Hard work paying off for Westbrook
Nov. 7, 2007 9:21 p.m.
What a difference a year can make.
Coming into Westwood as a freshman just over a year ago, Russell Westbrook was entering unfamiliar territory. He spent the next several months acclimating to it.
But by the end of last season, Westbrook was hungry for more and was willing to do whatever it took to put himself in the best position to succeed individually and to help his team by any means necessary.
“I think Russell Westbrook is probably one of if not the hardest worker on the team since last year,” junior point guard Darren Collison said. “He has had so much hunger in him.
“It’s one thing to work and another to be willing to get better.”
Westbrook’s desire to improve started the moment he got off the plane returning from the Final Four. He has taken an occasional weekend off to himself, spending countless hours lifting weights, working on his shot and fine-tuning his ball-handling skills.
The time he spent on his own came as a pleasant surprise for one of his teammates who came into the program thinking he may be one of just a few with such a work ethic.
“I like to pride myself on being the hardest worker in the country, but every time I was in the gym, every time I was in the weight room, he was always there, too,” freshman Kevin Love said. “That was really surprising to me, too. He really stepped it up since last year.”
When he wasn’t lifting weights, Westbrook was going up against some of basketball’s best in the Men’s Gym at the Student Activities Center.
It was the offseason not only for collegiate basketball but also for the professionals. And with the Men’s Gym being a hot spot for pro talent, Westbrook found himself going up against the likes of former Bruin Baron Davis and Kobe Bryant of the Los Angeles Lakers.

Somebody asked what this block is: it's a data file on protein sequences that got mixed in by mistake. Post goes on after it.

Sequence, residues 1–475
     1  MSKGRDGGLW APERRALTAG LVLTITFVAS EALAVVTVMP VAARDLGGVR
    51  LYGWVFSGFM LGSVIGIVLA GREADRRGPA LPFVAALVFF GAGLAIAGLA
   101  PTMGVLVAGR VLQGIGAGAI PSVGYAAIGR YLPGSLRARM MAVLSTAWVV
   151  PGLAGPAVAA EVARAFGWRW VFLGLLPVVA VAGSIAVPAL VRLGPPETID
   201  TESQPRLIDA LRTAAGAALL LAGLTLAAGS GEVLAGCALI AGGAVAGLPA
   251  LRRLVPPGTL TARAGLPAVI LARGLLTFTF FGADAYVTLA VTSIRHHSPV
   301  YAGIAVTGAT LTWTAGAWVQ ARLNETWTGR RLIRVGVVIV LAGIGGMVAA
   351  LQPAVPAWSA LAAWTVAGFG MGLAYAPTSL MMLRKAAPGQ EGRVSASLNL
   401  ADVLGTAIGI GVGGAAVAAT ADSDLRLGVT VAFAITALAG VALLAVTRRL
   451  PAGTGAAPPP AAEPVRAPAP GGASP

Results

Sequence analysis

When all was said and done, Westbrook was garnering respect from several of the NBA players he went up against for his style of play, his athleticism and his quickness.
“They’re all impressed with him because he plays so hard and plays with a lot of passion,” coach Ben Howland said.
But it was his matchup against the latter that was Westbrook’s most memorable moment of the offseason and the one that had Bryant visibly frustrated.
“No, just got a couple of blocked shots, a couple of steals; it wasn’t too much,” Westbrook said modestly with a smile when asked if he was able to have his way with the NBA superstar.
Defense had been one of the major knocks on Westbrook’s game in his freshman year. He often found himself being beaten to the basket and not applying enough pressure on the ball.
This year, though, the sophomore has been going up against one of the best point guards on a daily basis at practice when he has the tough task of limiting Collison, who also went through a similar process when he played behind former Bruin and current Laker Jordan Farmar.
Collison’s noticeable development and maturation on the defensive end last season is something Howland expects to see Westbrook emulate this year.
“Darren made a huge jump defensively from his freshman and sophomore year, and I expect the same thing from Russell with the experience of staying in front of the ball,” Howland said.
“There’s no reason anybody should be able to go by Russell, as athletic, as quick and as strong as he is.”
The impressive advances by Westbrook have taken the attention away from perhaps an even more intriguing storyline in that the sophomore guard will now also be playing the role of shooting guard.
Whereas in the past he has been the source of energy off the bench behind Collison, Westbrook will help the Bruins with an immediate spark as Howland now has the option of starting him as the shooting guard, adding a great deal of speed and athleticism to the floor.
“The fact that he can bring the ball up the court and come off screens and shoot the ball and score for us is a talent as well,” Collison said. “That’s one of the best things he brings to this team ““ his ability to play the 1 and the 2.”
With Collison doubtful for Friday’s season-opener against Portland State, Westbrook will once again take charge of the Bruin offense and will be seeing significant minutes as the point guard.
“He worked his butt off, and now it’s showing in the games,” Love said. “He’s becoming a natural leader, and he’s growing up a lot.”
His numerous talents have led many of his teammates to consider him as a secret weapon that most opponents will underestimate and struggle to contain while also leaving Howland anxious to see his performance throughout the season.
“He’s paid the price,” Howland said. “I’m really rooting for him because he’s worked so hard in the offseason. He’s going to be out to impress.”